Tax relief legislation sees final approval from Legislature

Sen. Tonya Schuitmaker

Sen. Tonya Schuitmaker

LANSING, Mich. — Legislation co-sponsored by Sen. Tonya Schuitmaker would ensure state and local exemptions remain in place despite recent changes on the federal level.

“The recent federal changes were largely welcomed in my district, though many have shown some confusion or uncertainty as to what the federal changes may mean for next year’s taxes,” said Schuitmaker, R-Lawton. “These measures will ensure Michigan residents are able to claim the personal exemption on their state and local income taxes.”

The federal Tax Cuts and Jobs Act, in addition to lowering income tax rates, included a process that set the federal personal exemption to zero. Though the exemption is not explicitly eliminated by the new law, Michigan’s current state income tax law ties the state’s personal exemptions to the federal number of exemptions. Without a revision to the law, Michigan taxpayers would no longer be able to claim the personal exemptions on their state taxes.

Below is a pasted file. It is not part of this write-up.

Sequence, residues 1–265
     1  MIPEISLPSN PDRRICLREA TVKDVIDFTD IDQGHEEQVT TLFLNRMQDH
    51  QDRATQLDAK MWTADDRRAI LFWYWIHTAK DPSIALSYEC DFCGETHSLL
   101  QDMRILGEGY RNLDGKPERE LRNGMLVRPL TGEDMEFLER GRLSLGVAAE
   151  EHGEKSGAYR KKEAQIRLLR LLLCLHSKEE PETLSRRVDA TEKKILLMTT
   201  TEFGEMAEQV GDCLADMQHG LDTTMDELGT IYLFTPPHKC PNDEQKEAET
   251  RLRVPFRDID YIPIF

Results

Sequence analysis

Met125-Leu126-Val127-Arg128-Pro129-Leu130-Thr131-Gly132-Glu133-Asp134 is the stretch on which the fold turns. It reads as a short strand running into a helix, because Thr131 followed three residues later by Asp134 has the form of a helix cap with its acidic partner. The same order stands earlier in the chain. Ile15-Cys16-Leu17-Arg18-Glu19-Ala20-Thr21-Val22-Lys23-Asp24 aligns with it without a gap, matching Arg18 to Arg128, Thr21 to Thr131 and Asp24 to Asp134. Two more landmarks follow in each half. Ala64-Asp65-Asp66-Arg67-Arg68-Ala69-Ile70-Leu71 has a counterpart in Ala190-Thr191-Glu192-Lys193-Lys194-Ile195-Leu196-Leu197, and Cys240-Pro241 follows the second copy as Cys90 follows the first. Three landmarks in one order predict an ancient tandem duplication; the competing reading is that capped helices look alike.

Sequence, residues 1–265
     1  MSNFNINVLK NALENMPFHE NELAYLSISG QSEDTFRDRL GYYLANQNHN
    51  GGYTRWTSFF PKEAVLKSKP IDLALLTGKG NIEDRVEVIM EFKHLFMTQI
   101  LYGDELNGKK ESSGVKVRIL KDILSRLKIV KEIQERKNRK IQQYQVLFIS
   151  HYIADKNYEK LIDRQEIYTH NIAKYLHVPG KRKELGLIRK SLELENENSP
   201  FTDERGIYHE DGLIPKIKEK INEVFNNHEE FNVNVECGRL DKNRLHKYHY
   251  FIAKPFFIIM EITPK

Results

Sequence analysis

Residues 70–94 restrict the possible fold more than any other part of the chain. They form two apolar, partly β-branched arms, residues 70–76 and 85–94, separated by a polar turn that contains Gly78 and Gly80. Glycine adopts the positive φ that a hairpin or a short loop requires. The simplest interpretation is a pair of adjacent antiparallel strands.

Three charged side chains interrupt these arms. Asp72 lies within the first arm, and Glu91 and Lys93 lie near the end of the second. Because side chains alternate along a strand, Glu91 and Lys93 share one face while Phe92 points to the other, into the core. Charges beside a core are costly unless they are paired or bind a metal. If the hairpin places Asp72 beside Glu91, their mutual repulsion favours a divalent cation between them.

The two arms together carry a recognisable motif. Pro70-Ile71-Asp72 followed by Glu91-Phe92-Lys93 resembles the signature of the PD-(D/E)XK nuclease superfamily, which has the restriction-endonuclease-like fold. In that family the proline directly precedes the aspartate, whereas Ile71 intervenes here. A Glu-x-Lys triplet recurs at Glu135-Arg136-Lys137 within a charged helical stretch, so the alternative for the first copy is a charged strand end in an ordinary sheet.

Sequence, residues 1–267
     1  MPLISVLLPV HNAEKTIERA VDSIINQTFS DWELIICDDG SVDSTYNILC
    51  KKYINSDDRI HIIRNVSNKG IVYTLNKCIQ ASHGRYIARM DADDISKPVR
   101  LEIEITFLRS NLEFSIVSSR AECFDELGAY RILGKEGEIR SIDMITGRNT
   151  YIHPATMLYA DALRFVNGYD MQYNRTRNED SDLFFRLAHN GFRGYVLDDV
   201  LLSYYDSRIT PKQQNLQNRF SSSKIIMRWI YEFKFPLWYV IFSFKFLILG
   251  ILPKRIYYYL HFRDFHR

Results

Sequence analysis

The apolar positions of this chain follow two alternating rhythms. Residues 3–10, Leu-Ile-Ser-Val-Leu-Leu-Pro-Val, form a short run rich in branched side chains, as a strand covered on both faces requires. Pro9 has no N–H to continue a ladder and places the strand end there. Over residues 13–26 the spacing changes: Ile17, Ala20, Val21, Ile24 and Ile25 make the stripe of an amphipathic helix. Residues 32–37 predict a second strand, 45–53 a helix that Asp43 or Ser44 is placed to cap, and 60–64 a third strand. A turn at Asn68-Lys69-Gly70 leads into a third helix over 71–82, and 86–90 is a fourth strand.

Senate Bill 748 makes necessary changes to maintain the state’s personal exemption, while SB 750 would provide the same assurance for city income taxes.

SB 748 would also increase the state’s personal exemption to $4,900 by 2021. In 2018, the exemption would be $4,050. It would increase to $4,400 in 2019, to $4,750 in 2020 and finally to $4,900 in 2021.

“These bills allow residents to keep these much-needed, and much-deserved exemptions,” Schuitmaker said. “When coupled with the recent federal tax reforms, Michiganders should be able to start putting more of their hard-earned money in their pockets.”

The bills will now go to Gov. Rick Snyder for further consideration.

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